Working on federal and local governmental projects requires that contractors include minorities, woman-owned, or Disadvantaged Business Enterprise firms on their teams either as subs, vendors, suppliers or consultants. The guidelines also require that those amounts be stated in the bidding process and in the reporting process during the construction of the project as well as the final accounting to the public.
Some contractors and owners, in an effort to bypass the guidelines, have found creative ways to accomplish the goals that they have to meet in their bids by defrauding the system and the firms that the MBE and DBE programs set out to help.
We have seen these fraudulent moves for decades. First it was out and out bribes such as, “We’ll include you on the team, pay you a fee and you won’t do a thing,” or “You will need to pay my cousin a fee of x to represent you on this project.” We still see that one around the world in first and third world countries. The “grey bag” is still code for bribes and payoffs in exchange for little or no work on a project.
Then laws were passed and there were “set-asides” for minority and women-owned firms in those major contracts. At first it was 5%, then 10% were included as portions of the construction contracts that were meant for minority firms. Some less than honest forms, both minority and majority made deals. In the 90s, we saw minority firms demanding that Federal guidelines be changed and that major projects have as much as 40% dedicated to so called “minority firms or interests”.
That led to the proliferation of “shell” companies and minority service and professional firms being underwritten by larger firms who needed the ability to bid projects that required minority participation. That led to contract compliance officers on municipal projects in order to minimize the fraud on their projects.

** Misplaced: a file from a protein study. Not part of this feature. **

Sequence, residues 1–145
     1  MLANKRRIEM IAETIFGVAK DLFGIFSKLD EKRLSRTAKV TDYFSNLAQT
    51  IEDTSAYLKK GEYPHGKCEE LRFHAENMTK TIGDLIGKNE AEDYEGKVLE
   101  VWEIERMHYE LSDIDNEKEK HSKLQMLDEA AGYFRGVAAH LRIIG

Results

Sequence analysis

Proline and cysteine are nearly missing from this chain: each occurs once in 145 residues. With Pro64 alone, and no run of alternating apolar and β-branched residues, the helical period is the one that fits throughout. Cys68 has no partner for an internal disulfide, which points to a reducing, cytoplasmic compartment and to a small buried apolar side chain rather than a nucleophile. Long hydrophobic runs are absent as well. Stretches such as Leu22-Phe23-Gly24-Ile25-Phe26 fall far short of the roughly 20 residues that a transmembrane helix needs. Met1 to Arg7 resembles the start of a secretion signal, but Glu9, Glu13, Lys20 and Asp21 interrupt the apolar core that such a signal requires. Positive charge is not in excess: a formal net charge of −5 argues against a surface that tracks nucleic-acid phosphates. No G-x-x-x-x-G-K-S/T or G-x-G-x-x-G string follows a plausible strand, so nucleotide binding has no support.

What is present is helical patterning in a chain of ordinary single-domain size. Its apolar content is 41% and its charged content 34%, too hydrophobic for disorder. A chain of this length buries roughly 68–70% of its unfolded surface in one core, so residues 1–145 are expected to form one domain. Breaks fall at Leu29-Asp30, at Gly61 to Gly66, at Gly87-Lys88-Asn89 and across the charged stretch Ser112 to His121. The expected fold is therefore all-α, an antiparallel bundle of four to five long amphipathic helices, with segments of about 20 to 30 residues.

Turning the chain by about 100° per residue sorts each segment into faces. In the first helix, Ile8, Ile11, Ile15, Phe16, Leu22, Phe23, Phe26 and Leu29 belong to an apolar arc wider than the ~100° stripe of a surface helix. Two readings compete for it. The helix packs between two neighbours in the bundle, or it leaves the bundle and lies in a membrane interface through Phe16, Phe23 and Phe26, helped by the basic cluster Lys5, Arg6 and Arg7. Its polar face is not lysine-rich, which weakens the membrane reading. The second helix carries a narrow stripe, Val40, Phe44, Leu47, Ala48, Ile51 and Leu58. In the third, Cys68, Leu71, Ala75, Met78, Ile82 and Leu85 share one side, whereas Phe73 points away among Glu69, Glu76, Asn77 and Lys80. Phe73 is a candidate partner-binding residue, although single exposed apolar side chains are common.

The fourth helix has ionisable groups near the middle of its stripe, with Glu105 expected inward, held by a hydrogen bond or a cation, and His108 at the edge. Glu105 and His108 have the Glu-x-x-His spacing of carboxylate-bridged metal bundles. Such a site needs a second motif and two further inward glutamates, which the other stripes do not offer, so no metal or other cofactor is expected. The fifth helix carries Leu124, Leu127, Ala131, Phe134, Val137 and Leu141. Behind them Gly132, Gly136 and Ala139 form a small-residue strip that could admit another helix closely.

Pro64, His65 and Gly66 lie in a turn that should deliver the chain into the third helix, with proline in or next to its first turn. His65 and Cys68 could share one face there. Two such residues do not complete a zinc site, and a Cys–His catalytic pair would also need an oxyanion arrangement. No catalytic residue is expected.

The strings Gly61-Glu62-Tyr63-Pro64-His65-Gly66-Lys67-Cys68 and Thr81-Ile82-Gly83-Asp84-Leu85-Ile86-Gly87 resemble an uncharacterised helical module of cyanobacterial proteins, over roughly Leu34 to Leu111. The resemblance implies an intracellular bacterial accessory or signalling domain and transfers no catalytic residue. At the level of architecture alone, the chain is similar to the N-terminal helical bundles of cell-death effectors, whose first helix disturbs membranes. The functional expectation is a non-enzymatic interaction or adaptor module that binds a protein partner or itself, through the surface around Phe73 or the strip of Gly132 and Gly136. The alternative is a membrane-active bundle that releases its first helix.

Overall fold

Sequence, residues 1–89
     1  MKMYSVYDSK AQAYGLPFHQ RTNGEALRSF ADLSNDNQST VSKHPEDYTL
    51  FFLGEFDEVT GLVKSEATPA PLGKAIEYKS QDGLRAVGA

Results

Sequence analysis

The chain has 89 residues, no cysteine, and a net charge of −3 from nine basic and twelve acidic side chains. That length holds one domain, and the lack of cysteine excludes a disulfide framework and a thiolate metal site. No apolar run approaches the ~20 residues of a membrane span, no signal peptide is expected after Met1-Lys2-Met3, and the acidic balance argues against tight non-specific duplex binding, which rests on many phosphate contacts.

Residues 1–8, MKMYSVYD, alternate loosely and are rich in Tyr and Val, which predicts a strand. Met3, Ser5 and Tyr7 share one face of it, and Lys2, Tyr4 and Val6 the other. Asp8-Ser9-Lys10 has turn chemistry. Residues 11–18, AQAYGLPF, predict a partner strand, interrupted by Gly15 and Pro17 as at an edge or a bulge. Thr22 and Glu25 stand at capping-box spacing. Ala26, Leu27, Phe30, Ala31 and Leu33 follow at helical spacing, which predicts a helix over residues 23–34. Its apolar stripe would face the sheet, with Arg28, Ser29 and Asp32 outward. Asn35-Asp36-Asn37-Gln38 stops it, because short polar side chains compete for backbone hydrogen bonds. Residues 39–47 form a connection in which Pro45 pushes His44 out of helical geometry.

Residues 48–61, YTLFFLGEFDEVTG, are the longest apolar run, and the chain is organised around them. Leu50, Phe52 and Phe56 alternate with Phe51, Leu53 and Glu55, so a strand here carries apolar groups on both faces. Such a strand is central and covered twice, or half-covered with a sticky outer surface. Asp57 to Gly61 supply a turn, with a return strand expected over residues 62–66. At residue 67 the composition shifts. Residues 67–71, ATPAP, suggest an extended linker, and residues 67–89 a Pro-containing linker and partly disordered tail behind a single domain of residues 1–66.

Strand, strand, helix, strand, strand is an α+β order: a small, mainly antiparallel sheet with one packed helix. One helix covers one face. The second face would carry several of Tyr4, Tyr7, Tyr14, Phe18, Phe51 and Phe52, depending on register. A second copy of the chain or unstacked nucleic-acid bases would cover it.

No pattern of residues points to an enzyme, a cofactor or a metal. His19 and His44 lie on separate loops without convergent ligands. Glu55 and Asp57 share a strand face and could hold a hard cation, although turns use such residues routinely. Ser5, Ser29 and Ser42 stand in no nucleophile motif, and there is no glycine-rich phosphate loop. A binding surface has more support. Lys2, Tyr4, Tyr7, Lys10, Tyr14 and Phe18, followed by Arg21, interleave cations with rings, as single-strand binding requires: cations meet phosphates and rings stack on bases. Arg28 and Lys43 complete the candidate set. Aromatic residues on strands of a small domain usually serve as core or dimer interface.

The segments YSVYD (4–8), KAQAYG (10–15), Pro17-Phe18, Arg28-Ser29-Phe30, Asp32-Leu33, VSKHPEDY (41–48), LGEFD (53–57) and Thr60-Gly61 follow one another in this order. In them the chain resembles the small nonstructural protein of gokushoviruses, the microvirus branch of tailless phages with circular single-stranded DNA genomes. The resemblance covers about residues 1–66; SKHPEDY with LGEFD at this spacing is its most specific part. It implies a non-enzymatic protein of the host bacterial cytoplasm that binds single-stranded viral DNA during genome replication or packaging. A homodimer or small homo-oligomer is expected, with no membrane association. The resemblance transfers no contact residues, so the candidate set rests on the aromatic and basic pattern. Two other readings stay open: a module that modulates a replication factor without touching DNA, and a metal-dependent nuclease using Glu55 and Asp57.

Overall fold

Many times, city, county and institutional owners merely winked at those requirements and quietly contacted their cousins who set up shell companies to meet the requirements. That continued until they were discovered and a number of those officials ended up with jail terms. Fraud again.
Recently, Construction Dive reported on a case in New York involving the Disadvantaged Business Enterprise program. According to the post and to the Times Union, Bridge builder, ING Civil paid over $1 million to settle claims that they defrauded the Federal Disadvantaged Enterprise Program. Prosecutors claimed that ING reported they had promised to buy materials from a minority firm as part of a bid for a major project. After the award and during the project, officials asked for documentation of the purchases and, it was alleged, ING fabricated the documentation and gave them to federal officials who blew the fraud whistle on them. The defendants acknowledged that they had violated the False Claims Act, a no-no punishable by fines and jail time.
The Fed is clamping down on these fraud cases and many of them are coming to light in the federal courts and the morning news. However, in many locations where there is little or no compliance work, lots of those fraud cases go unnoticed and unprosecuted.
But as we said in the headline, “It’s still Fraud Maude!” If you decide to take a turn down that path, you will likely end up like the firms in New York.